Shaheen, the husband of former New Hampshire governor and current U.S. Senate candidate Jeanne Shaheen, got in hot water after saying Clinton's leading challenger for the nomination, Illinois Senator Barack Obama', would be a weak nominee because of his admission of past drug use.
But don't think that Billy Shaheen, one of the most calculating people in New Hampshire -- and America, for that matter -- made any kind of mistake.
The veteran Democratic leader in New Hampshire was not really expressing concern -- sincere or simulated -- about the drug use admission. That's old news and Obama's frankness about the issue pretty much put it to rest.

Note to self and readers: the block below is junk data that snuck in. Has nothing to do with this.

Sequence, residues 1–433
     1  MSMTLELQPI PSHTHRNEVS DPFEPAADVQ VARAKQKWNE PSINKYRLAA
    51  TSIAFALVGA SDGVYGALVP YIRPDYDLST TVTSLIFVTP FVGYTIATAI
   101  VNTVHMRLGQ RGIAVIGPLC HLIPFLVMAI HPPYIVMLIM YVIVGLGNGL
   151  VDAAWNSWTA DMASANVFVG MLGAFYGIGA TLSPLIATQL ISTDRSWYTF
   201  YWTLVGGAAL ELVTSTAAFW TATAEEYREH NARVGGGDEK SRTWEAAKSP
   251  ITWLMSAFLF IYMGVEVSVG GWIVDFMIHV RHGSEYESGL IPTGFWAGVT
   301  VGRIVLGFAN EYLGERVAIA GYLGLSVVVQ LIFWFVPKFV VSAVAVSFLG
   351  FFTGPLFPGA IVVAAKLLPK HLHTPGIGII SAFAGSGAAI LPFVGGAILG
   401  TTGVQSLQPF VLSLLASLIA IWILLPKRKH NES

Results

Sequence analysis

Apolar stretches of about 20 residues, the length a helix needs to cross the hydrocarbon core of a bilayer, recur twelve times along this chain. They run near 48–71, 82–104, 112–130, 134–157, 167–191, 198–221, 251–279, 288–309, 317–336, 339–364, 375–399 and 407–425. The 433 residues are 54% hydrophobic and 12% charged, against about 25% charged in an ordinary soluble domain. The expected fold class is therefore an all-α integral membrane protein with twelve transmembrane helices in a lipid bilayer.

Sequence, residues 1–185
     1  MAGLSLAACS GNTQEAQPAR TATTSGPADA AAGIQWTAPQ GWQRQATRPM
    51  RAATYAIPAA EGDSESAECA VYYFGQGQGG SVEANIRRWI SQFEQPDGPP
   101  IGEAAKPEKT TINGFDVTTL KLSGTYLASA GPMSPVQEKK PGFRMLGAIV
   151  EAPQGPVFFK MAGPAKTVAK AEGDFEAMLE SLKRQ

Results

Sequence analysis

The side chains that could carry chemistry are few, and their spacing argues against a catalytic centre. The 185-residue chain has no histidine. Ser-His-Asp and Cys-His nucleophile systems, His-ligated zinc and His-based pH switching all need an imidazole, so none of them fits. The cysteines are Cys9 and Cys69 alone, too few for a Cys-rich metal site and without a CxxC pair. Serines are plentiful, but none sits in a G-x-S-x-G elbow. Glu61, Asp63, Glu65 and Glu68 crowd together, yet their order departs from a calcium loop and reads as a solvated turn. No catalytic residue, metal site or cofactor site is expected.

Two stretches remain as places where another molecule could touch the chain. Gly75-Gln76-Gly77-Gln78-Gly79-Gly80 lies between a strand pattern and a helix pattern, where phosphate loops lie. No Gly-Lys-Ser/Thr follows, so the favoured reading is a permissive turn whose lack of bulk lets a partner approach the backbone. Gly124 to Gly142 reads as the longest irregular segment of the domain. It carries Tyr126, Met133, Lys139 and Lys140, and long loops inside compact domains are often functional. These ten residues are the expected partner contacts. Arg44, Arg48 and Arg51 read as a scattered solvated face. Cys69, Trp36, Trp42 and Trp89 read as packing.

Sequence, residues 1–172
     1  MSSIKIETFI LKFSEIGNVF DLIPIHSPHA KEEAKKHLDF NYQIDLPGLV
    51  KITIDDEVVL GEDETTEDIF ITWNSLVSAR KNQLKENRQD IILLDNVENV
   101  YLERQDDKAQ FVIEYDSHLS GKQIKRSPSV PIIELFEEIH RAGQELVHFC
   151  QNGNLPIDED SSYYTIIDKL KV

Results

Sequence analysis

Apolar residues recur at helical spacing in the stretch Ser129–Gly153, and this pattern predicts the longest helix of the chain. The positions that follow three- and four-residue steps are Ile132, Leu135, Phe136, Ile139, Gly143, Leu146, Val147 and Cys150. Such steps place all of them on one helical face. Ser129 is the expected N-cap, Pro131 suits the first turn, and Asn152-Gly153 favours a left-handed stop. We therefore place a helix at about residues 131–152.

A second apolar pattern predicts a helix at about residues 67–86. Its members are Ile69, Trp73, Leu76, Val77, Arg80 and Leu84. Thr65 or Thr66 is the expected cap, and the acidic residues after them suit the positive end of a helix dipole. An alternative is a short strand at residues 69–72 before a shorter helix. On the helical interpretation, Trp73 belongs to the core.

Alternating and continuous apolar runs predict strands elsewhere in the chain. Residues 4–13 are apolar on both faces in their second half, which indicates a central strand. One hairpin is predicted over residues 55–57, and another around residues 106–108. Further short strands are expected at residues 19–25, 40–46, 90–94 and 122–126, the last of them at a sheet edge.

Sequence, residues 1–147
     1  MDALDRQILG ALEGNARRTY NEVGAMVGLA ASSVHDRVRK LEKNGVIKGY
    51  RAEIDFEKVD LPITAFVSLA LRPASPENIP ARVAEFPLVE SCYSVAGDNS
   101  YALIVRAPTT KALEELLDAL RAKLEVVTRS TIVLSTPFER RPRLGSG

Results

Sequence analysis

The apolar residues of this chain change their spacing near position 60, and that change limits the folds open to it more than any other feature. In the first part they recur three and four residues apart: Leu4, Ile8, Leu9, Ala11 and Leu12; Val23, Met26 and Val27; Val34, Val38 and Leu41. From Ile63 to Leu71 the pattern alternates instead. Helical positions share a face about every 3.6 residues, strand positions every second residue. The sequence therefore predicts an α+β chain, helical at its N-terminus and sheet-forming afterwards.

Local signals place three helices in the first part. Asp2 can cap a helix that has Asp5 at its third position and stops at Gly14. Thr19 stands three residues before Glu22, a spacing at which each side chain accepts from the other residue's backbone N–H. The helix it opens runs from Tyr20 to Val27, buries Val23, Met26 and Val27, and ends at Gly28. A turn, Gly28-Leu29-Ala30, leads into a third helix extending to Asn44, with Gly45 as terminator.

Rather, Shaheen was trying to get reporters digging for more dirt on Obama and drugs -- and, of course, to get grassroots Democrats in key states worried about the prospect that the Republican opposition research team has already assembled the materials need to finish Obama in the fall.
"The Republicans are not going to give up without a fight ... and one of the things they're certainly going to jump on is his drug use," Shaheen told a Washington Post reporter Wednesday. "It'll be, 'When was the last time? Did you ever give drugs to anyone? Did you sell them to anyone?' There are so many openings for Republican dirty tricks. It's hard to overcome."
Notice the none-too-subtle "Obama-might-have-been-a-dope-dealer" hint by Shaheen.
That's the claim the Clinton campaign, which is feeling the heat from Obama's hot pursuit in polling data from the first caucus state of Iowa and the first-primary state of New Hampshire, wants circulating as the January 3 caucusing and January 8 voting rapidly approach.